Last month was Asian Pacific American Heritage Month!
As described by the Library of Congress, this month is a “celebration of Asians and Pacific Islanders in the United States” (Asian Pacific American Heritage, n.d., para. 1). It is when we celebrate the achievements and contributions, as well as the culture, traditions, and roles Asians and Pacific Islanders have played in shaping our society.
To continue celebrating past the month of May in your libraries and with your patrons, here is a list of books written by Asians and Pacific Islanders, that will take your readers on emotional journeys, fantastical adventures, romantic and hilarious moments, and into edgy and daring worlds. But most of all it will introduce readers to new cultures and diverse characters whom they can relate to.
The Way You Make Me Feel by Maurene Goo
Farrar, Straus and Giroux (BYR)/Macmillan Publishers
Publication Date: May 8, 2018
A romantic comedy about finding yourself and who you’re supposed to be, when you least expect it.
The main character, Clara Shin is full of life. A prankster who lives for chaos. However, when one of her pranks goes awry, she’s sentenced to spend the summer working on her father’s food truck, the KoBra, with a classmate who could not be more the opposite of her in personality: Rose Carver.
For Clara, summer starts to look like a bust. But as she begins working alongside Rose and her dad, she realizes that it might not be as bad as she thought. Throw in a love interest in the form of a boy named Hamlet, and Ms. Goo gives readers a story filled with self-discovery, humor, friendship, love, and family.
The Way You Make Me Feel would be a great for fans of Jenny Han, Sandhya Menon, Morgan Matson, or Kasie West.
After the Shot Drops by Randy Ribay
HMH Books for Young Readers
Publication Date: March 6, 2018
A novel about friendship, family, and basketball. With basketball as the stage the characters are playing on, Ribay’s novel tells a deeper story that is told from the points of view of two best friends: Bunny, who accepts a basketball scholarship to play at private school, and Nasir, who feels abandoned by his best friend when he leaves.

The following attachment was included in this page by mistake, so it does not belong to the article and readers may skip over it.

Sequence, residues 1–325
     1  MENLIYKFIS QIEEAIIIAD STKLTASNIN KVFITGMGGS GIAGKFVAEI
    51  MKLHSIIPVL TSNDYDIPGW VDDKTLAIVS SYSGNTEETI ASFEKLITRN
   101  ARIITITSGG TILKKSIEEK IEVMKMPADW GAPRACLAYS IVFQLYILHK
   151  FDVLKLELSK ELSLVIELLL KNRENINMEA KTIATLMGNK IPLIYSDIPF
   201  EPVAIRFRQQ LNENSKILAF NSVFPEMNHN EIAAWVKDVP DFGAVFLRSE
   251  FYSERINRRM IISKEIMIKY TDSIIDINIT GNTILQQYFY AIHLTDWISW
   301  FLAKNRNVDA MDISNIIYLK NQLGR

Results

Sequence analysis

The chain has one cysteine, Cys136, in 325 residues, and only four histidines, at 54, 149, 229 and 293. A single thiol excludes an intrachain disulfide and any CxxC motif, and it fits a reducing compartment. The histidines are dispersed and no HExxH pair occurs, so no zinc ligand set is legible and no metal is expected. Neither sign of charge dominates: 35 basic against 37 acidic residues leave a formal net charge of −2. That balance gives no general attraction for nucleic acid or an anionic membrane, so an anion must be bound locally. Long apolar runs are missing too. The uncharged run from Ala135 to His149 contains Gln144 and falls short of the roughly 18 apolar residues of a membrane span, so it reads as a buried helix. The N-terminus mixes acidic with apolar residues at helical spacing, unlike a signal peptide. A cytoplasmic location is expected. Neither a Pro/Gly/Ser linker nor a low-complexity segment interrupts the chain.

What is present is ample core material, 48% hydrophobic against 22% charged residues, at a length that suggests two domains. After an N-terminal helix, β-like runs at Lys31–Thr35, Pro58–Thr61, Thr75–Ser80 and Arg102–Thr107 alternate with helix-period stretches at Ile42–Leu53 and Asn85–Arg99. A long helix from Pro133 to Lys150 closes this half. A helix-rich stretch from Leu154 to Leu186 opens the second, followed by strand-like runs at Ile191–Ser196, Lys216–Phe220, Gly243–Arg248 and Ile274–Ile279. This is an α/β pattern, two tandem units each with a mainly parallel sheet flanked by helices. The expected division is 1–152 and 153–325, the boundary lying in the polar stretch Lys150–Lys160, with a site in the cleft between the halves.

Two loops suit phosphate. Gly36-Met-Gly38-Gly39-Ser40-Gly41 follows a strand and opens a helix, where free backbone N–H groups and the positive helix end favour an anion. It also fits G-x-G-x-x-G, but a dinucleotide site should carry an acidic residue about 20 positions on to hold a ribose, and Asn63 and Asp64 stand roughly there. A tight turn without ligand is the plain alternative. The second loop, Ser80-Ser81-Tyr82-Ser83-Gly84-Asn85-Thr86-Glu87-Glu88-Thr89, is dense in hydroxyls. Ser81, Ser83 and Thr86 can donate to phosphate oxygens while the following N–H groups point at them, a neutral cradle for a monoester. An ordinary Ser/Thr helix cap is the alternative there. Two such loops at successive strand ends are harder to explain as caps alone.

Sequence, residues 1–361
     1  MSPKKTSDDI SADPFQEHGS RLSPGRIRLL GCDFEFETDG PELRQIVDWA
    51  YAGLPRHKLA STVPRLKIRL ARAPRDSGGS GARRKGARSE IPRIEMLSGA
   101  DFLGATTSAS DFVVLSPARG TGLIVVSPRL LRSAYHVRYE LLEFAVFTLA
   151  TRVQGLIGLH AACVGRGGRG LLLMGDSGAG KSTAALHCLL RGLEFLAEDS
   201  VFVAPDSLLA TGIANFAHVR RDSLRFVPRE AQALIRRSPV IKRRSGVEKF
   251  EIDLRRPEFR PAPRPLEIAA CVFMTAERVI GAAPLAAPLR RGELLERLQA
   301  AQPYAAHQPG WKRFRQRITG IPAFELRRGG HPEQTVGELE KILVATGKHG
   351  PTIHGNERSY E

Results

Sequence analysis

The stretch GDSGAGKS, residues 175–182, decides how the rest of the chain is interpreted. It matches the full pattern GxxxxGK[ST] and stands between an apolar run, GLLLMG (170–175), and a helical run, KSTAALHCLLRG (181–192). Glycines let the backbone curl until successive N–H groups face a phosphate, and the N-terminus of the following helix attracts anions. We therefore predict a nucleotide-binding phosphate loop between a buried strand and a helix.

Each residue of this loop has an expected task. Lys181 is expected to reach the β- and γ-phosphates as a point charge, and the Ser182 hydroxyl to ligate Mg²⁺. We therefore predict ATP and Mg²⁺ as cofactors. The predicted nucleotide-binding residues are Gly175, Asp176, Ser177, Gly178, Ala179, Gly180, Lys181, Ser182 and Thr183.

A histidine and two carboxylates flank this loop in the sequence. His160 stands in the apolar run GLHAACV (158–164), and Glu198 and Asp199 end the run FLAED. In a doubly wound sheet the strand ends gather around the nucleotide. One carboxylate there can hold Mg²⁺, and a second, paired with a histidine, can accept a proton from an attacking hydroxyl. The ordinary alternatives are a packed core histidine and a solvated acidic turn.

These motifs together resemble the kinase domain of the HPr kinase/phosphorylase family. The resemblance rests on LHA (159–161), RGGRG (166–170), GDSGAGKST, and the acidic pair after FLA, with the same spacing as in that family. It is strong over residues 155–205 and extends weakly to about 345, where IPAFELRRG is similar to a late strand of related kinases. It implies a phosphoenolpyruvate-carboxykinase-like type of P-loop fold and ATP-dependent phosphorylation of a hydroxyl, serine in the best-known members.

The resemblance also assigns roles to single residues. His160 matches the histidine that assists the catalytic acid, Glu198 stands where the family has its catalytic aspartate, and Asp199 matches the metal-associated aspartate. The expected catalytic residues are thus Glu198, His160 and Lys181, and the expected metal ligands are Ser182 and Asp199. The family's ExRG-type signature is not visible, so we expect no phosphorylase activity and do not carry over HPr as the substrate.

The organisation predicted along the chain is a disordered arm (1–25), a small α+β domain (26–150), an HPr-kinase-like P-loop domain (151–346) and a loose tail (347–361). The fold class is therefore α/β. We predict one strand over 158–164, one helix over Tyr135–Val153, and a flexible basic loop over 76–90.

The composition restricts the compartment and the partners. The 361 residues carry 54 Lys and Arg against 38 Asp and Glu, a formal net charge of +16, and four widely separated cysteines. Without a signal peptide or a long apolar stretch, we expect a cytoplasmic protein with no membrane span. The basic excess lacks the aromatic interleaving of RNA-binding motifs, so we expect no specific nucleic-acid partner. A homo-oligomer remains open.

Filled with drama and how choices and responsibilities effect more than just ourselves, After the Shot Drops is the kind of novel that will make you think as you read it. Any high school experience is complex, but the one that Ribay presents is one that goes beyond with characters that you can really feel for and situations that push them and develop them into something more.
Fans of books by Jason Reynolds, Matt de la Pena, and Walter Dean Myers should take a look at After the Shot Drops.
Batman: Nightwalker (DC Icons Series) by Marie Lu
Random House Books for Young Readers
Publication Date: January 2, 2018
The origin story of an icon hero, Marie Lu takes on writing the story of Batman when he was just Bruce Wayne. About to celebrate his eighteenth birthday and inherit both his family’s fortune and Wayne Industries, but instead of going straight to his party he gets caught up in a high-speed car chase with the police and ends up being sentenced to community service at Gotham’s Arkham Asylum where he meets inmate, Madeleine Wallace. Associated with the Nighwalkers, Madeleine is mystery that will be hard for Bruce to solve.
Filled with action, intrigue, and two characters (Bruce and Madeleine) that will keep you interested from start to finish. This take on Batman/Bruce’s origin story is complex and interesting and like many batman stories one that is more than just hero vs villain. Nothing is simple in Gotham, least of all Madeleine, the Nightwalkers, or Bruce. This is a nice addition to the Batman universe as well as the DC Icons Series, Batman: Nightwalker would be great for fans of Leigh Bardugo’s Wonder Woman and superhero fans in general.
Asian Pacific American Heritage, htttp://www.asianpacificheritage.gov
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